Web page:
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Court says remains of former Burundi king can stay in Geneva

A Geneva court has ruled that the remains of the former king of Burundi, Mwambutsa IV, can stay in Switzerland and be reburied at a local Geneva cemetery rather than be repatriated to Africa. However, an appeal is still possible.


The Geneva Court of Justice ruled in favour of the ex-king’s niece, who had opposed the repatriation of the monarch’s remains.

The king’s daughter, backed by the Burundi government, wanted to offer her father a state funeral. She asked her half-sister who lived in Geneva to dig up the ex-king’s remains in 2012 with a view to them being repatriated.

During the legal battle, the remains of Mwambutsa IV have been kept in a cold room at a Geneva funeral parlour.

The Geneva court decision marks the end of a four-year-long legal battle between family members, the niece’s lawyers, Pascale Genton and Andrea Rusca, said on Tuesday.

The niece’s lawyers said the king’s body can now rest in peace at the Meyrin cemetery where he was dug up, in accordance with his last wishes.
However, an appeal is still possible to Switzerland’s highest court.

Died in Switzerland

King Mwambutsa IV Bangiricenge became king of Burundi on December 16, 1915. He was invested with full ruling powers in 1929. He saw Burundi’s transfer from Germany to Belgium following the First World War and was on the throne when the country gained independence on July 1, 1962. After a Hutu-led coup in October 1965, he withdrew to Switzerland, where he spent the rest of his life and died in 1977.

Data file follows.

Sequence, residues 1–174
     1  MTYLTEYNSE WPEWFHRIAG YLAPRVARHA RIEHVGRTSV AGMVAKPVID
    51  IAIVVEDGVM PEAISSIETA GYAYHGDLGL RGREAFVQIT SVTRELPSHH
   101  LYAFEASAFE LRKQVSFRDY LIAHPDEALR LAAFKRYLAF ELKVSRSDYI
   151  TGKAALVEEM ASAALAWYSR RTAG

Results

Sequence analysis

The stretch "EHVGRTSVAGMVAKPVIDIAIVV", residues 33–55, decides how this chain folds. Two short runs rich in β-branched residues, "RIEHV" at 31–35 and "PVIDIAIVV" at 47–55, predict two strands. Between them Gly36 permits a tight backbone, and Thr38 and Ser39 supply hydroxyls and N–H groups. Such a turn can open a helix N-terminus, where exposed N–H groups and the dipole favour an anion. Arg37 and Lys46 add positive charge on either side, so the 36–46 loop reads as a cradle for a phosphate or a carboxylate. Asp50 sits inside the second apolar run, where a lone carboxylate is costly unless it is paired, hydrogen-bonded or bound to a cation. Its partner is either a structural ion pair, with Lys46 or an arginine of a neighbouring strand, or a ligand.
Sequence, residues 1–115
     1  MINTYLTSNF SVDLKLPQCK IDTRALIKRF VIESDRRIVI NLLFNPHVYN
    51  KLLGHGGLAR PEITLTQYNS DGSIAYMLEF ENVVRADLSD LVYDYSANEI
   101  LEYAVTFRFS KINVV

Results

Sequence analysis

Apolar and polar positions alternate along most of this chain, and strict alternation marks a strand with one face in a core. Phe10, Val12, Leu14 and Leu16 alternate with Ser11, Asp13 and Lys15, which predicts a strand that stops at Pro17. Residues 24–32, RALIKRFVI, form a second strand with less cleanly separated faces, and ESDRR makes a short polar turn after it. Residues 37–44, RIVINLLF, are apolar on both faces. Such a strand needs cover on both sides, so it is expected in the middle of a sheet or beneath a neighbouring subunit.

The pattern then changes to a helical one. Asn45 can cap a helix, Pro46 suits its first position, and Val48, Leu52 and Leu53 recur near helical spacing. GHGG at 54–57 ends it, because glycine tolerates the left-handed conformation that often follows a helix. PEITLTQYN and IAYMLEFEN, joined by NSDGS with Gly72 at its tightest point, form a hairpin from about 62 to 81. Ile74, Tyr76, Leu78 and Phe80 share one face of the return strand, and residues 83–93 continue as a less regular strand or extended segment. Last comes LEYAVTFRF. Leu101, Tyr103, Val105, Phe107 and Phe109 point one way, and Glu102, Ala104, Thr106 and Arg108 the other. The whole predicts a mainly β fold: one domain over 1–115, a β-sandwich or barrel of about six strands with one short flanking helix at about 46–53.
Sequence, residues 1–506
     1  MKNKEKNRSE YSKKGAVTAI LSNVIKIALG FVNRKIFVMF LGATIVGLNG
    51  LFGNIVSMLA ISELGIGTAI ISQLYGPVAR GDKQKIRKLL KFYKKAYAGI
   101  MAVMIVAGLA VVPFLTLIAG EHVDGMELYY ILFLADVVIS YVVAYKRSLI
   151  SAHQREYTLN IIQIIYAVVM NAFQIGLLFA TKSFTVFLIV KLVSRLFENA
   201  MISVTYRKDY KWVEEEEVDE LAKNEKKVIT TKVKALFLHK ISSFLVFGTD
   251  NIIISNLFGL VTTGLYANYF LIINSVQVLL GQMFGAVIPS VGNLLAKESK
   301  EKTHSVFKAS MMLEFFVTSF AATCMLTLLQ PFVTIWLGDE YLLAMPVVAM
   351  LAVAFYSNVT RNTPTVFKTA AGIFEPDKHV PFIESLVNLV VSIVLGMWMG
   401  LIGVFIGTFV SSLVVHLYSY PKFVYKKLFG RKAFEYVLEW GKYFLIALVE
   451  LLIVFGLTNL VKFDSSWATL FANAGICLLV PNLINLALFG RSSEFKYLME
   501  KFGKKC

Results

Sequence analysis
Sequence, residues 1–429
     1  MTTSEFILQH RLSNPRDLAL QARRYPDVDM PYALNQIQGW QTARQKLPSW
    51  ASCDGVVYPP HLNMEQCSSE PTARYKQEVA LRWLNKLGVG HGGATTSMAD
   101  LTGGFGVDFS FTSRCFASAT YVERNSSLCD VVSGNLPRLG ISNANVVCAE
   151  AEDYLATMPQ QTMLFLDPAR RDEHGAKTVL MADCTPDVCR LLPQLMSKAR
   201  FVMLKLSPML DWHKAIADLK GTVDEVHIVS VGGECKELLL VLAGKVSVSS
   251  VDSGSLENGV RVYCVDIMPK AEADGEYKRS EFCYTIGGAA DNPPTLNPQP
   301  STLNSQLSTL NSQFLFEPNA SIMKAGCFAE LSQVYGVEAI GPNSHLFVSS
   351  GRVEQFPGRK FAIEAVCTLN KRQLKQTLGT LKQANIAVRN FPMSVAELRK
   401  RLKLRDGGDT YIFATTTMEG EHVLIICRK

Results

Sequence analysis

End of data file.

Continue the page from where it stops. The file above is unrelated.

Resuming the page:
In the Geneva court case, the Burundi authorities had insisted on the importance of paying homage to the royal family which had been in place until 1966.

The authorities argued that a state funeral would have helped a reconciliation process and calmed tensions in the country. The small African country has been gripped by political strife since President Pierre Nkurunziza sought and won a third term in 2015, which opponents said violated the constitution and terms of a peace deal that ended civil war in 2005.

But their argument fell on deaf ears. The Geneva court said it could not be established that the grievance was of overriding public interest, in particular given the current political situation in Burundi. The repatriation would have also contravened the ex-king’s wishes. In his will he asked for his remains not to be transferred back to Burundi.

In a statement, the former king’s niece said she was very satisfied with the decision by the Geneva court.
“My uncle, Mwambutsa IV, was extremely far-sighted. He foresaw that his remains might be instrumentalised and arouse certain wishes. That’s why he protected himself with his testament arrangements.”

Jimirasire

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